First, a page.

3 INSTRUCTIONAL GOALS 1. To compare governments that are ruled by many and ruled by few. 2. To examine the positive and negative aspects of absolute monarchy, representative democracy, communism, socialism, fascism, and anarchy. 3. To depict distribution of power, creation and enforcement of laws, personal freedom and the social contract in different forms of government. 4. To present historic and modern examples of different forms of government. VOCABULARY 1. absolute 2. uprising 3. revolution 4. legislature 5. motto 6. party 7. central economic control 8. benign monarch 9. personal initiative 10. dictator BEFORE SHOWING 1. Describe the form of government of the United States. 2. Create the game chart on individual pieces of paper. a. On the right side of the chart use the following labels: absolute monarchy, representative democracy, communism, socialism, and fascism. b. On the top of the chart use the following labels: power, law and order, liberty and personal freedom, social contract, and pix and nix. c. Explain the use of a Likkert scale for making choices. DURING SHOWING Discussion Items and Questions 1. View the video more than once, with one showing uninterrupted. 2. Pause at the appropriate time to complete ranking the components of different governmental forms. 3. Pause after the rules of the game are discussed. a. Review the rules of the game. b. Define a government. c. Categorize the five governments playing the game as either ruled by many or ruled by few. d. List historical and modern examples of each form of government. e. Discuss absolute monarchs. (1) How do monarchs receive power? (2) How long do monarchs rule? (3) What role do uprisings and revolutions play in monarchies? f. Discuss representative democracy. (1) How does representative democracy differ from direct democracy? 2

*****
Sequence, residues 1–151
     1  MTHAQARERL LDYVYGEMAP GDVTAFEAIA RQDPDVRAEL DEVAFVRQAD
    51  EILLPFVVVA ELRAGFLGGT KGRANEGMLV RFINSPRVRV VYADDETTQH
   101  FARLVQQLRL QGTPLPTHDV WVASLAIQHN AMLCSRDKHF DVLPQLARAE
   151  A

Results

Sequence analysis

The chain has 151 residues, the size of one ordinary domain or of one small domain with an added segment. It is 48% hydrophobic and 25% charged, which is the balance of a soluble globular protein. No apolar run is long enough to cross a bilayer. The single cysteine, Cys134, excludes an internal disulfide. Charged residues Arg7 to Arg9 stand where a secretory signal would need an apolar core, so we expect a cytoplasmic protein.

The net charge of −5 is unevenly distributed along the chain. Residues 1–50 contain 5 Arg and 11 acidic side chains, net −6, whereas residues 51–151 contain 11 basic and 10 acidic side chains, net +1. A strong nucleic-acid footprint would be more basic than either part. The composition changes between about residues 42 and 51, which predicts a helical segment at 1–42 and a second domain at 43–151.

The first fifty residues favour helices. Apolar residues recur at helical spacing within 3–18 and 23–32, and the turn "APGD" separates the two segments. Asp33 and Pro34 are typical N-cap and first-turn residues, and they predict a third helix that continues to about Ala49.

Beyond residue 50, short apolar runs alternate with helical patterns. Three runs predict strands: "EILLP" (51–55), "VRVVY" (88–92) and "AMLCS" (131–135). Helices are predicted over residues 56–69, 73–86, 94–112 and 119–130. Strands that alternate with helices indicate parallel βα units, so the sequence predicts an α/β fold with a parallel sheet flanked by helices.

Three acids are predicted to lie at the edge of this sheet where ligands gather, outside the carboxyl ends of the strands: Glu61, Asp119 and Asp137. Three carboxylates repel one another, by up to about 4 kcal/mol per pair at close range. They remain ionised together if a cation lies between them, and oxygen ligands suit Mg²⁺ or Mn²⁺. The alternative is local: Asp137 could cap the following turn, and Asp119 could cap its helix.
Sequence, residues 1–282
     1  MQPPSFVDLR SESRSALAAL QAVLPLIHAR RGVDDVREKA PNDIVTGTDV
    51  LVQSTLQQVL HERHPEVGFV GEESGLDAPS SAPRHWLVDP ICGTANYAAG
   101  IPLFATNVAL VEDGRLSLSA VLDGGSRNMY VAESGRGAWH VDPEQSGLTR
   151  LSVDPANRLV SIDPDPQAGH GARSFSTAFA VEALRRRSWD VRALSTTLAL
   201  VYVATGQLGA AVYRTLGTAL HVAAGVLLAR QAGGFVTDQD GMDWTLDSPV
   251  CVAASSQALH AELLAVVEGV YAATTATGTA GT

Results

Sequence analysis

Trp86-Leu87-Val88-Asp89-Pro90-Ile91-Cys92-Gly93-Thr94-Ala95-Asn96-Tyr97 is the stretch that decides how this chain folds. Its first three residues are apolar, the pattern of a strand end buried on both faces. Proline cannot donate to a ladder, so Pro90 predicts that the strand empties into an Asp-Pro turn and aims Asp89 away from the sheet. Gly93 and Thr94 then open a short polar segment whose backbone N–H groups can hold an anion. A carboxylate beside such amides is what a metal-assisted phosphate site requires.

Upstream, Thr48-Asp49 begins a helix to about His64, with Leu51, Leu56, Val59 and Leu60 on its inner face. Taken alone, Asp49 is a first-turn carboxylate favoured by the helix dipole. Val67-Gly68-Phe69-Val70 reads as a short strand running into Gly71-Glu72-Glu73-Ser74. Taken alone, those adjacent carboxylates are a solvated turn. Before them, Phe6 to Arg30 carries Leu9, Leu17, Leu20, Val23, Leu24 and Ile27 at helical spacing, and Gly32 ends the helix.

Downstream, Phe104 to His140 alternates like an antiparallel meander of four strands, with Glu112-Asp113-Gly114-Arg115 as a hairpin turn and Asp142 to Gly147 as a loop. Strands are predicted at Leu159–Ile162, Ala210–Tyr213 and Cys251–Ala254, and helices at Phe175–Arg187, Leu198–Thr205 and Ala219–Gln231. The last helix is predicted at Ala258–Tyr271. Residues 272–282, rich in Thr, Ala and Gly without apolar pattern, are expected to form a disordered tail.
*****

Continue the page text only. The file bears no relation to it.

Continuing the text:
4 (2) Who has the power in a representative democracy? (3) How have democracies come to power? g. Discuss communism. (1) What is the communist motto? (2) How do communists come to power? (3) What are elections like in a communist government? h. Discuss socialism. (1) What kind of socialism is discussed in the video? (2) What are the similarities between socialism and representative democracy? i. Discuss fascism. (1) What are the similarities between communism and fascism? (2) What role does patriotism play in fascism? (3) How do fascists seize power? j. Discuss anarchy. (1) Why do political scientists see the theory of anarchy as relevant to a discussion on the forms of government? (2) What is the difference between referring to anarchy as law-free instead of lawless? 4. Pause after the discussion regarding power. a. In each form of government, who has power? b. In each form of government, how is the power obtained? c. How does power change hands in a monarchy? d. Whom does a representative democracy represent? e. What is the Communist party? f. How does the Communist party differ from political parties in the United States? g. How is the distribution of power similar in socialism and representative democracy? Fascism and communism? Fascism and a monarchy? h. What is the anarchist s view of government? 5. Discuss law and order. a. Who creates and enforces the law in each form of government? b. What are the similarities between representative democracy, communism, socialism, and fascism? c. What are the differences between democracy or socialism and communism; between communism and fascism? d. Which forms of government have the strictest enforcement of justice? Which have the least strict? 6. Discuss liberty and personal freedom. a. Why do monarchs and fascists not value equality? b. What are the differences between communist and democratic beliefs about equality? Democratic and socialist beliefs? c. Who are the elite in democratic and communist societies? d. Why are there no very rich people in socialist societies? 7. Discuss social contract in each form of government. a. What do the citizens do for the government? b. Which forms of government expect citizens to give their all to the government? c. What does the government do for the citizens? d. Which forms of government offer the most efficiency? Which offer the most stability? 3